Right. And we’re, I’m sure we’re getting to close to where we’re gonna open it up for questions, but basically I’m with level set. I am over the material finance section, but level set is so much more than that. Like I said, our, our, our goal and our mission statement is start with love and help people get paid, the money that they’re owed. So we have several sections of things that we do as level set. We have a document control section. We have a, the ability for our people to, to do the lean filing. I think we tipped our hat to that before. Our software helps you get your leans file to make sure your documents are done timely and effectively gives you control. Get it. Makes sure you do things on a timely basis. So your lean rights are protected. So your ability to get paid is protected.
Speaker 3 (41:55):
We have another side of our business. That’s legal guard, always great to have an attorney on your side when you need to have an attorney on your side. So you have the, the job radar here. It’s pretty self explanatory. You get your lean alerts, you get payment delay tracking. You have, if you find out, if we find out that a customer’s having issues paying or getting paid from a GC, you’re gonna find those things out. You’re gonna find out when bankruptcies are being filed. You’re gonna make sure that whatever state you’re doing business in the preliminary notices are sent, if they need to be sent, your notice of intent to lean is gonna be sent exactly when it needs to be sent. And that whole lean mark management system is something that level set can help you do. We have nothing that level set does, Lori. I think you’ll agree with this is one size fits all.
Speaker 1 (42:40):
Oh, definitely not.
Speaker 3 (42:41):
We, we cater everything to work with the individual customer and whatever, whatever you’re doing and whatever your volume is, we will cater to that. Maybe you don’t need a huge subscription service to do that. Maybe you just need pay as you go type situation. We offer all that. And then moving forward, if you’ve got a project that you really want to get done and you need the, you know, you wanna build your cash or expand your cash flow, come to us for material financing, we’re completely transparent. You know, you may have a $50,000 line of credit with your supplier. Well, why not double that by having your projects all financed by level set will pay your supplier up front and guess what? You still have a $50,000 line of credit you haven’t even touched. So there’s a lot of information out there of a lot of things you do. I think Lori and I, or anybody would be available to help you answer any of those questions. All our, our websites are there. You can go to level set.com. Matter of fact, if, if you’re one of those, it’s like, well, do the lean rights in California. I guarantee if you put lean rights in California level set will probably be the first Google popup almost every time, if not second, but usually it’s the first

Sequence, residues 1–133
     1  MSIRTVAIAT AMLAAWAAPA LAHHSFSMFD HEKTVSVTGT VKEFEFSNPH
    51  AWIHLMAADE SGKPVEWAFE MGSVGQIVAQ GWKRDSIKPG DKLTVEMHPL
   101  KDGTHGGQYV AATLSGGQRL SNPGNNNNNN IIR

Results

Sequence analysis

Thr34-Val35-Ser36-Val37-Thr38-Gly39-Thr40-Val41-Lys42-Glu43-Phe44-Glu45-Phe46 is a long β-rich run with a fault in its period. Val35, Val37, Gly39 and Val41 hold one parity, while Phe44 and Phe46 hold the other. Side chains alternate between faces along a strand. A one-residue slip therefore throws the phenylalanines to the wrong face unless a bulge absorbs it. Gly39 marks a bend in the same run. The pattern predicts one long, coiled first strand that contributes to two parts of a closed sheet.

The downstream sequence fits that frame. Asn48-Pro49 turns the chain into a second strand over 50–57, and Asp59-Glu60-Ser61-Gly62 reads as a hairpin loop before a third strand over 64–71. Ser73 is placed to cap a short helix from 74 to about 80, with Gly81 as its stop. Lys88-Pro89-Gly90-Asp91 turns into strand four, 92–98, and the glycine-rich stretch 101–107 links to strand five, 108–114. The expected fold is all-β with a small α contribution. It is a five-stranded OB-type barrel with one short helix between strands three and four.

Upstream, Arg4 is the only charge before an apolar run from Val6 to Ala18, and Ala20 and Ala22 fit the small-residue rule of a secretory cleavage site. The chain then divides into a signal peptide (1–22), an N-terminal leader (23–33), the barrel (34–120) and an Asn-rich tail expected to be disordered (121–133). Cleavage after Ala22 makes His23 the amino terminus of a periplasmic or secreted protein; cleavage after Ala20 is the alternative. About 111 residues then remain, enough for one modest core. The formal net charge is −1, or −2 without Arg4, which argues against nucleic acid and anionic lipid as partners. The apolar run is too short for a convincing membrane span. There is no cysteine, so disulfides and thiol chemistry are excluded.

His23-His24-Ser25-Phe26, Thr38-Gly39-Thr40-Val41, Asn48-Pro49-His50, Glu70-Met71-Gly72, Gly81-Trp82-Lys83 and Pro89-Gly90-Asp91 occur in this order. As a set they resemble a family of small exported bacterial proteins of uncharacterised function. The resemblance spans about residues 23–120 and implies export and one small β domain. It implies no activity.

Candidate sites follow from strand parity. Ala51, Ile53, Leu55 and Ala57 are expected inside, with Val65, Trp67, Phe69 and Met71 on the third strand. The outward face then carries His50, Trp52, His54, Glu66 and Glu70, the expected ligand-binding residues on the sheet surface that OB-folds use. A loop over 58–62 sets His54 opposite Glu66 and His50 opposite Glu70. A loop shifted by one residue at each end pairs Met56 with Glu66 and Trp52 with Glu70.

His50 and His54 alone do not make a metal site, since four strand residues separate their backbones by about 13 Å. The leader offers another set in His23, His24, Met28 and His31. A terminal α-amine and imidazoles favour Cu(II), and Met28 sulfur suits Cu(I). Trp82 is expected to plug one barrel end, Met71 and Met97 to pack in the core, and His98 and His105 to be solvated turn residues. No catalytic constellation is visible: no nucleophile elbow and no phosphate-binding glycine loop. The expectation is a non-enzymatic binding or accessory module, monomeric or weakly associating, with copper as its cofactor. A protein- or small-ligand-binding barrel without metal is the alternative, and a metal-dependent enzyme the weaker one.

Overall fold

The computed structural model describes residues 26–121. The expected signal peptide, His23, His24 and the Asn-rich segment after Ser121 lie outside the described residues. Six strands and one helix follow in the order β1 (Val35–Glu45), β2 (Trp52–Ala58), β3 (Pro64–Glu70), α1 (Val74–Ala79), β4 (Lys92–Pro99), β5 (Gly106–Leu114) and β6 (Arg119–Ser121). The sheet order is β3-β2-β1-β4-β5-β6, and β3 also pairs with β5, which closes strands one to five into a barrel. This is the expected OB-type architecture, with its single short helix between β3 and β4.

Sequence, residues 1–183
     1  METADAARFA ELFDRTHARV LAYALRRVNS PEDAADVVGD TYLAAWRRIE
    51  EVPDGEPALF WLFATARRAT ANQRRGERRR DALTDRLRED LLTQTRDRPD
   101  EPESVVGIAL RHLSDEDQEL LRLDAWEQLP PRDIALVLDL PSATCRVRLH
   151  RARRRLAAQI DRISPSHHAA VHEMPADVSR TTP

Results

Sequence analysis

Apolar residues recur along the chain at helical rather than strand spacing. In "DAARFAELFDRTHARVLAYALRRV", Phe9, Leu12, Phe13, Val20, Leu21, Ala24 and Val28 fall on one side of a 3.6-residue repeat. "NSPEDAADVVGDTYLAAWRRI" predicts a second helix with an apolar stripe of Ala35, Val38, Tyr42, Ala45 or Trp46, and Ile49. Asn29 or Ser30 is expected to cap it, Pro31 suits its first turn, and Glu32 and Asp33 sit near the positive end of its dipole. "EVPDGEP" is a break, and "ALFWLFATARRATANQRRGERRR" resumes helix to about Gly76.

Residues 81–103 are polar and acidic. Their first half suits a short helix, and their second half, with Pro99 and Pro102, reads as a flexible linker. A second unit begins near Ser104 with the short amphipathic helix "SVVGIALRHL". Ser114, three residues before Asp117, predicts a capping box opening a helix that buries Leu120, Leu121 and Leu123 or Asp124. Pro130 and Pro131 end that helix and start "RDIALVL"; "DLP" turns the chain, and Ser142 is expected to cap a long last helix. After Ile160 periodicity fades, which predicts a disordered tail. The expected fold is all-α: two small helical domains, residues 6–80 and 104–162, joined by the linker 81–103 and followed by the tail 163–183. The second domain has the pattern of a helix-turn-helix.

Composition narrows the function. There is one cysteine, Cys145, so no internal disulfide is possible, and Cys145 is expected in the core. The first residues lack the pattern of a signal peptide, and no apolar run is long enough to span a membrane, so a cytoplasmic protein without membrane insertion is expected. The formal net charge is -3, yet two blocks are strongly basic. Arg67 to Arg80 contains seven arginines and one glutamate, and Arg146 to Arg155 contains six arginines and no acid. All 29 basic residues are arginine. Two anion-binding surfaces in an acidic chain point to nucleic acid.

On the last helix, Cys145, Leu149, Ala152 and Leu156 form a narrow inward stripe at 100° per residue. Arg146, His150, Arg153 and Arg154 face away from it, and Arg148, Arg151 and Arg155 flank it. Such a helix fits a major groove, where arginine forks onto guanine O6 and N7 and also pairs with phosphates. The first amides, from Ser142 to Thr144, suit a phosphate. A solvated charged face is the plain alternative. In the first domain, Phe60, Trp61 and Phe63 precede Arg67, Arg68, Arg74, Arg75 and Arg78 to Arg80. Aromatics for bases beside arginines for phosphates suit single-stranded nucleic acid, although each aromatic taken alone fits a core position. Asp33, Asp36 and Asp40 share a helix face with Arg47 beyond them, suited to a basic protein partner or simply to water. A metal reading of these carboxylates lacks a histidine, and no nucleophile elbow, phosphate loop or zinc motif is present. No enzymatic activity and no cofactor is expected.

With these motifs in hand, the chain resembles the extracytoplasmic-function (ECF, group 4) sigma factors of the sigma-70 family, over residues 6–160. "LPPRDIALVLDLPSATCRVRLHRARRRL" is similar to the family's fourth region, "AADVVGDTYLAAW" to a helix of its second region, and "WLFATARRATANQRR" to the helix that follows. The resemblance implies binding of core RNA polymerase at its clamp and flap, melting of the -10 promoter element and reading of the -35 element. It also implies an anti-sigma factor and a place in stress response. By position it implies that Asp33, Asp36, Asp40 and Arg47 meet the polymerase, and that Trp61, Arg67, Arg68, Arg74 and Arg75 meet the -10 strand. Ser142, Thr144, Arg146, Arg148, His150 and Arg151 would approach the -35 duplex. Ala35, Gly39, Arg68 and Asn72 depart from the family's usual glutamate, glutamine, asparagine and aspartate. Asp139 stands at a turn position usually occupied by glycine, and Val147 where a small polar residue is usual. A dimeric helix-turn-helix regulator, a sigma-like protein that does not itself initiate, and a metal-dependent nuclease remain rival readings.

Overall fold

Speaker 1 (43:47):
We work hard on that.
Speaker 3 (43:48):
I I’ve talked to everybody’s ear off too, but I think Nick and I are ready to take any questions or Lori. I know we don’t have a lot of people out there, whatever. We’re, we’re ready to take any questions you might have.
Speaker 1 (43:59):
Yeah, we don’t have any currently. If anybody’s got a question, just put it in the chat or raise your hand and we’ll get it going for
Speaker 2 (44:05):
You. I, I do have a question about level set, you know, that was very interesting. Just kind of how you guys have learned a little bit about, auditoria learning a little about level set. How often are you updating the, you know, your application to keep up with the different, you mentioned like liens in California versus there’s all kinds of laws that are changing. What does that look like?
Speaker 3 (44:24):
Everything is real. I didn’t mean to cut you off there. Everything we do is real time. We, we are constantly monitoring any like Texas just had the huge change in their lean laws. And as soon as we got that information, we got it out to all of our customers, letting them know. And then actually Lori was great set. She’ll set up a conference and bring in the experts and say, Hey, if you wanna know a one on one or she’ll have webinars about it. And then as far as real time, if a customer were to file bankruptcy, anything, that information, as soon as we get it from the courthouse, you will find it available to you and, and we, and you’ll get an alert. So that, that is crucial.